Rachel Andrew addressed exactly this question in her recent, excellent post “Is it really safe to start using CSS Grid Layout?”. She answered it aptly:
I couldn’t agree more: Exploring and using newest technologies, which requires that we cope with incomplete support, is crucial to successful projects and has always been a huge part of what makes the Web great. But still: We have to be careful that we don't set our expectations regarding an immediate adoption of CSS Grid too high. Just because people can use CSS Grid theoretically doesn’t mean they will actually use it in practice, especially if this involves writing layout code twice and with an already established method out there. Humans are allergic to change. So if we really want CSS Grid to succeed outside of the closed space of innovators and evangelists, the story has to be not only “Grid is so awesome, use it now!” but also: “Here's how to use CSS Grid in production in a responsible way – it's possible.”
So What is This Thing Called CSS Grid?
If we don’t want to use Grid just for Grid’s sake, we have to understand what Grid really is and start asking the right questions like:
- What problems does Grid solve that float-based solutions can't?
- How can Grid be used responsibly to really enhance a design?
- And ultimately: how does the use of Grid benefit the user?
To find answers to those questions, we – both designers and developers – will now need to learn about the strengths and weaknesses of CSS Grid. We need to learn how to play this new instrument because the shift really is this fundamental: At the moment it seems we are all designing with the same 12 column grid – if we are reckless, we try 16 columns. CSS Grid will allow us to resolve this gridlock, once we fully understand the radicality of the new flexibility it brings. Grid allows for greater flexibility for developers, because defining custom grids will be as easy as setting a font-size. And it gives greater flexibility to designers: It could allow us to reach the graphical richness we see in editorial design and graphic design in general.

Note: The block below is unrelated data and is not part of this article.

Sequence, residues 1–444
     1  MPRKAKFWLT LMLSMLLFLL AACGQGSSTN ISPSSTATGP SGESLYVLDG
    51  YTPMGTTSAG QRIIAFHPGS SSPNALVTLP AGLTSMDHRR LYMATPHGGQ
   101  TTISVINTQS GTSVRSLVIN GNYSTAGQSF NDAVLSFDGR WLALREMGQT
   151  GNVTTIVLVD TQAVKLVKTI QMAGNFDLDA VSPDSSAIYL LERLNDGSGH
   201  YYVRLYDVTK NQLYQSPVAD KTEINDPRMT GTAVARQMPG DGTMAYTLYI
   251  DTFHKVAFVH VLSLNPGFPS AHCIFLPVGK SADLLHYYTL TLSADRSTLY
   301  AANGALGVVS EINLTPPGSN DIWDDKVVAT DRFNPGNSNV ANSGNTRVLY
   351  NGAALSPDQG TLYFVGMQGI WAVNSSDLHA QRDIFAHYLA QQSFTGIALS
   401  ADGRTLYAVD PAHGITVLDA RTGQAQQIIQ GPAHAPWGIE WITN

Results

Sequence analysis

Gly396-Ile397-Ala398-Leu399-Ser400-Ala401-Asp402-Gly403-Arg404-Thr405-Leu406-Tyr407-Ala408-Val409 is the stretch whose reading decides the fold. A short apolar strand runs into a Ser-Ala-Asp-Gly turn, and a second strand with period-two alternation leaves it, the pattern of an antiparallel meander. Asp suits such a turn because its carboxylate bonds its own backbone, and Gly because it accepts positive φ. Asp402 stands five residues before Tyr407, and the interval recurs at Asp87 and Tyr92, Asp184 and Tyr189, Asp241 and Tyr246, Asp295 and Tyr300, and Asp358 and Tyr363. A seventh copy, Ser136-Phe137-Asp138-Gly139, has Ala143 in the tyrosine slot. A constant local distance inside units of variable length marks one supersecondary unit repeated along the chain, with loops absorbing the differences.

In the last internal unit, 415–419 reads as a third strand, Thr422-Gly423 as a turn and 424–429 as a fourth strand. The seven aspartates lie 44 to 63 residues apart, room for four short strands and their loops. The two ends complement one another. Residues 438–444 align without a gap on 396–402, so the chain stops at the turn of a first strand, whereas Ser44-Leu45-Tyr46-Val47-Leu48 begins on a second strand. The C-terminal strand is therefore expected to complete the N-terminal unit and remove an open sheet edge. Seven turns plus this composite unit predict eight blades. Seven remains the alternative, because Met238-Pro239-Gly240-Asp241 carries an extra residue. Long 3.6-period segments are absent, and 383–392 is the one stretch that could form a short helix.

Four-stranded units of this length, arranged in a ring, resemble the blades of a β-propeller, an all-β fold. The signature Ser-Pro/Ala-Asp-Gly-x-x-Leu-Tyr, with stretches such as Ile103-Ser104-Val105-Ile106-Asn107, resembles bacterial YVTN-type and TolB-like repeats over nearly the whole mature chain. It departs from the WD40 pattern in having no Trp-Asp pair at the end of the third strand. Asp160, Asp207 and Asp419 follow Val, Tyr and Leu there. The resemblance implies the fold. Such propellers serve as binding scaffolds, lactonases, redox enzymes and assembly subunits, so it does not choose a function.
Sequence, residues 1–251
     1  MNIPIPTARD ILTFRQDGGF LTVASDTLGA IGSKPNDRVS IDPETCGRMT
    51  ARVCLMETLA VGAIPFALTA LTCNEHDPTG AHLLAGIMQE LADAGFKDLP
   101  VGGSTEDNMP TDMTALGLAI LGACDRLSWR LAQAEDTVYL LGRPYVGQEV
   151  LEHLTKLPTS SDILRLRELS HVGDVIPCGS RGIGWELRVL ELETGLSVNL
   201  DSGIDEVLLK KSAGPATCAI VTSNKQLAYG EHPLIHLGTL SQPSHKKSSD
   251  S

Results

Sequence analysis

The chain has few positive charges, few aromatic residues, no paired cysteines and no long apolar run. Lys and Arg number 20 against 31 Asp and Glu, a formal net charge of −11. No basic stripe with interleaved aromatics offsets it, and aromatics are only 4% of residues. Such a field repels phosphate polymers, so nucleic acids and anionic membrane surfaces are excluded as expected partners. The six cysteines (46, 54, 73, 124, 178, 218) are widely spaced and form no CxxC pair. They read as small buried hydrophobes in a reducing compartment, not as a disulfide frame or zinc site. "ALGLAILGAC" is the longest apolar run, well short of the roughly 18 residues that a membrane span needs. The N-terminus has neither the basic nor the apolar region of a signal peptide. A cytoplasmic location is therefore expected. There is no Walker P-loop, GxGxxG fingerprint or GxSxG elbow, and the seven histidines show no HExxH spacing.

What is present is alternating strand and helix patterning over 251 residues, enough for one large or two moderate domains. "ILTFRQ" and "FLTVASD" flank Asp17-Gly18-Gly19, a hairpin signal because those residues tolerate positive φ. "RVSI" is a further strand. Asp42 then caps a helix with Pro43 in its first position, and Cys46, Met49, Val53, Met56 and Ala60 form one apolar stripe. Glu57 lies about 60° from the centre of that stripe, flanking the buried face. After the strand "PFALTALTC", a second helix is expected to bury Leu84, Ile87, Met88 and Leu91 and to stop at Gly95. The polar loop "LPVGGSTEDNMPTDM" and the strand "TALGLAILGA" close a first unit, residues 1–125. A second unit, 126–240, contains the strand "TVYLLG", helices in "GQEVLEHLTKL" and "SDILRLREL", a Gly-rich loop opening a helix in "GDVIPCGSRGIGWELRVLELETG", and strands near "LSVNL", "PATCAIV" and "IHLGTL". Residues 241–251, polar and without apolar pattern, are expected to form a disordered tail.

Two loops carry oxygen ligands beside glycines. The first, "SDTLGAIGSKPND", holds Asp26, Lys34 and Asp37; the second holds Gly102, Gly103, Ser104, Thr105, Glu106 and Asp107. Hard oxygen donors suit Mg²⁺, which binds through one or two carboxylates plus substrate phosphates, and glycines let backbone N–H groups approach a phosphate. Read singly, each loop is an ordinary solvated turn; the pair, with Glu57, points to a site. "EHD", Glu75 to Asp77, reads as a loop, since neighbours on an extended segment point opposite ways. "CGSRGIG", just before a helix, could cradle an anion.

Prototyping Our Way out of Gridlock
So the shift in thinking and the realization of the possibilities Grid offers has to happen on both sides of the spectrum, in design and development. Naturally, this is a hard thing to do when you still stick to the old waterfall workflow that many agencies still haven't left behind. To fully leverage grids potential, a frequent exchange between the disciplines is needed, ideally in a multi-disciplinary team that consists of UX and visual designers, front-end engineers, and developers. It's another manifestation of the huge shift we see in contemporary web design: the decision making largely happens in development, at the end of the good old waterfall and working with code is crucial for finding appropriate and outstanding design solutions.